The FCC’s decision to consider proposals for mobile radio had been the spark. But a number of other technologies made it steam engine time, too. To Engel’s colleague Dick Frenkiel, it seems unlikely that the early cellular pioneers at Bell Labs could have actually implemented their designs in the 1950s. “Cellular is a computer technology,” Frenkiel points out. “It’s not a radio technology.” In other words, engineering the transmission and reception from a mobile handset to the local antennas, while challenging, wasn’t what made the idea innovative. It was the system’s logic—locating a user moving through the cellular honeycomb, monitoring the signal strength of that call, and handing off a call to a new channel, and a new antenna tower, as a caller moves along. One necessary piece of hardware for this logic was integrated circuits, those silicon chips on which a tiny circuit and thousands of transistors could be etched.
Cheap: The High Cost of Discount Culture by Ellen Ruppel Shell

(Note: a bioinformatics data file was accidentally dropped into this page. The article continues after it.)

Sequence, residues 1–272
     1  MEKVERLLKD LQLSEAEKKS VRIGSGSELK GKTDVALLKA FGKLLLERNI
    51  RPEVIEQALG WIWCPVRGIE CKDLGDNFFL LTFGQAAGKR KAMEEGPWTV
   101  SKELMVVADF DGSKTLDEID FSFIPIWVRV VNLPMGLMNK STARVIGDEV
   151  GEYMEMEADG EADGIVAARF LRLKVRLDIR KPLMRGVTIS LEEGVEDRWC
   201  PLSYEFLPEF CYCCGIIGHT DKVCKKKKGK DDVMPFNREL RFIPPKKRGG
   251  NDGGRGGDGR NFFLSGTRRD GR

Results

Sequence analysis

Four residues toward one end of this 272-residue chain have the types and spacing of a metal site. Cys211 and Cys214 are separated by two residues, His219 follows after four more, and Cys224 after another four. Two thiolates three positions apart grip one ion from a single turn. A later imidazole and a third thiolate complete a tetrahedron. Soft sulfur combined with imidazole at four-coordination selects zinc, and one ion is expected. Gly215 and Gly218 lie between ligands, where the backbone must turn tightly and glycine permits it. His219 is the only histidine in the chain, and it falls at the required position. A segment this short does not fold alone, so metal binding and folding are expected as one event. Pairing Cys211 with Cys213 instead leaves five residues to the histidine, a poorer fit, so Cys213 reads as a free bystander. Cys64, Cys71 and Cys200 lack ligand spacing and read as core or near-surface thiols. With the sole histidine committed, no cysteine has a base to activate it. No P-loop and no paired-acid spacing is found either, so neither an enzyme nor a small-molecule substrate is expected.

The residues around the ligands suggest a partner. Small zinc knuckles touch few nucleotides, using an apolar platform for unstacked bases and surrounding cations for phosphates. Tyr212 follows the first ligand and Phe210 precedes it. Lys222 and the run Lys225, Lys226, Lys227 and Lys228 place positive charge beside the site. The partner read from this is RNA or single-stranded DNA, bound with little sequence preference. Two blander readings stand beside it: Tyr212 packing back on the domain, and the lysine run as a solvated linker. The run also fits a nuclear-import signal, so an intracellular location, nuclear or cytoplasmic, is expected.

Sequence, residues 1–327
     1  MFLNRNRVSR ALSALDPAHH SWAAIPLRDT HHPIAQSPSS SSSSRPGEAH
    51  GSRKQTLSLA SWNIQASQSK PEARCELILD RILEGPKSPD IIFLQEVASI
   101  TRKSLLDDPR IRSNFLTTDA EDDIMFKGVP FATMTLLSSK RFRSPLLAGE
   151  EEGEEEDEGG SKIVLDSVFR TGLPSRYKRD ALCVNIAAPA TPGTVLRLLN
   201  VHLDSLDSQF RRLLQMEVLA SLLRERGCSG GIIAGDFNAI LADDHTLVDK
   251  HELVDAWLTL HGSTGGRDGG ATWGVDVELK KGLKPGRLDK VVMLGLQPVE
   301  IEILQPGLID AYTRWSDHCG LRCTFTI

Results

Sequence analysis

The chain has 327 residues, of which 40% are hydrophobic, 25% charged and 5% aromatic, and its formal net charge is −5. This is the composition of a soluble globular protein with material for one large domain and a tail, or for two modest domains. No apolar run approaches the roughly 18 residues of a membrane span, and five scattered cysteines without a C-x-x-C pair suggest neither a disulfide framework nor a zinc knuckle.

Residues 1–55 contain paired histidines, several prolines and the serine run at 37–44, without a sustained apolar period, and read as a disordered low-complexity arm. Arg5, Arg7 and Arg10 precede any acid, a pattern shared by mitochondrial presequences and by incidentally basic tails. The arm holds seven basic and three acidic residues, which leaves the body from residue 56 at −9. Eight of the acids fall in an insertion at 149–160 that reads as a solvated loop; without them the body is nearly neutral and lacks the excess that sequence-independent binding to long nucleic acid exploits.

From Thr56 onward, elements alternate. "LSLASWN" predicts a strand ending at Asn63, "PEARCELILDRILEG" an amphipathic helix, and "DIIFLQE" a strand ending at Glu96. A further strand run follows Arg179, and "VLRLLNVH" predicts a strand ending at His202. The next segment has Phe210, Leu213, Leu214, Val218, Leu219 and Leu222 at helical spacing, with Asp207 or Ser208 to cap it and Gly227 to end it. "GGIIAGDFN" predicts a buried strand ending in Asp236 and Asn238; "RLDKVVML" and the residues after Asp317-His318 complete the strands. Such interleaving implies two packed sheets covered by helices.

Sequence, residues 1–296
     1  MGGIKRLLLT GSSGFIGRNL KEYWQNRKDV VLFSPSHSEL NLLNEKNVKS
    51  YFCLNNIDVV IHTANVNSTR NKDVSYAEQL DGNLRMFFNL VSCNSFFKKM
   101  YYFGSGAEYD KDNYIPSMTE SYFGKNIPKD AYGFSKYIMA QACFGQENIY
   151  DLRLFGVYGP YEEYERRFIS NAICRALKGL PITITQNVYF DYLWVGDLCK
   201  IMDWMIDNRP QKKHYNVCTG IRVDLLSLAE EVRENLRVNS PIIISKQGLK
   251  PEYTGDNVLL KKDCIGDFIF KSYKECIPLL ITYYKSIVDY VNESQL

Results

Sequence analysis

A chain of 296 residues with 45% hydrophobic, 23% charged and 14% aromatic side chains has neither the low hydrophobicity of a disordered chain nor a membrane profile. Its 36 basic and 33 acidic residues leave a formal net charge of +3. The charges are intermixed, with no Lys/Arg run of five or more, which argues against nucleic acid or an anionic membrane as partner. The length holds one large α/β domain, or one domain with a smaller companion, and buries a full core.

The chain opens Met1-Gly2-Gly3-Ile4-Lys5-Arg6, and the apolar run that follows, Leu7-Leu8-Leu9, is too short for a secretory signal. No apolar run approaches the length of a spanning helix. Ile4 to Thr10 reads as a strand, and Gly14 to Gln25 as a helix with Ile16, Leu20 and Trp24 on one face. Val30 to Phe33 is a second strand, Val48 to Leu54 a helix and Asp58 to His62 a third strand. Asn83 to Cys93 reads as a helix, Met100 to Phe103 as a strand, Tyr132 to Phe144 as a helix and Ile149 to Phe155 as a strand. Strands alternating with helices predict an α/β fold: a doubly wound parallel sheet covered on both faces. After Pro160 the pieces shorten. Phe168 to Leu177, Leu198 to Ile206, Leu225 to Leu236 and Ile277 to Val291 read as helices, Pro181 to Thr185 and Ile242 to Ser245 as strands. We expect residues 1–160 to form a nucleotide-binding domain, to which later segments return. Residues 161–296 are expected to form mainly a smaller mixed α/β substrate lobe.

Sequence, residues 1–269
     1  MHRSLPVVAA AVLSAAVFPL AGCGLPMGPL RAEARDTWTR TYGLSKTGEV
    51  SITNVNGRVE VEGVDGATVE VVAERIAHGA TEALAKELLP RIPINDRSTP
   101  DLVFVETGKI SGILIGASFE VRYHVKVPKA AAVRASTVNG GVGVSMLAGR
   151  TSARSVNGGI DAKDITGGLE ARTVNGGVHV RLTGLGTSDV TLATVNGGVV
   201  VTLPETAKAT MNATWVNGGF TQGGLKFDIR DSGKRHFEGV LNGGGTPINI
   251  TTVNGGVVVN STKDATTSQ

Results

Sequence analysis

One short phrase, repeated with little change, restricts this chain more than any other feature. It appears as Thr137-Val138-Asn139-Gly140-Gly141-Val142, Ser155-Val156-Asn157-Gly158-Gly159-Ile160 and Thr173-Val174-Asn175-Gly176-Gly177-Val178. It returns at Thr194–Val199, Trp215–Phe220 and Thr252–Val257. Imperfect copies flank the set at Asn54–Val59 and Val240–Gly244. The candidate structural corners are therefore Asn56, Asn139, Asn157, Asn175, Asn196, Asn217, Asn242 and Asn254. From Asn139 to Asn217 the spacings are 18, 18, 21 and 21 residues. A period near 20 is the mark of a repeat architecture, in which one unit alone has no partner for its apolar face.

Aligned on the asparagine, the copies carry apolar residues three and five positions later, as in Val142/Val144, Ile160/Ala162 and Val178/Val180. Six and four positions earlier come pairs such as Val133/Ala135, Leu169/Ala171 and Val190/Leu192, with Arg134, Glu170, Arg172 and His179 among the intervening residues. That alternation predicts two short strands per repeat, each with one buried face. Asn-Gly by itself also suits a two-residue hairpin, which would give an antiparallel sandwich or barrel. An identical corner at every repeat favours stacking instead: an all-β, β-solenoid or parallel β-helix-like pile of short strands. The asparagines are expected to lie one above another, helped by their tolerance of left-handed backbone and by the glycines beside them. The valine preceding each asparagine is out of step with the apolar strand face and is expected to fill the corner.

barriers to entry, Berlin Wall, big-box store, business cycle, cognitive dissonance, computer age, creative destruction, Daniel Kahneman / Amos Tversky, delayed gratification, deskilling, Donald Trump, Edward Glaeser, fear of failure, Ford paid five dollars a day, Frederick Winslow Taylor, George Akerlof, global supply chain, global village, Howard Zinn, income inequality, interchangeable parts, inventory management, invisible hand, James Watt: steam engine, Joseph Schumpeter, Just-in-time delivery, knowledge economy, loss aversion, market design, means of production, mental accounting, Monkeys Reject Unequal Pay, Pearl River Delta, Ponzi scheme, price anchoring, price discrimination, race to the bottom, Richard Thaler, Ronald Reagan, side project, Steve Jobs, The Market for Lemons, The Wealth of Nations by Adam Smith, Thomas L Friedman, trade liberalization, traveling salesman, ultimatum game, Victor Gruen, washing machines reduced drudgery, working poor, yield management, zero-sum game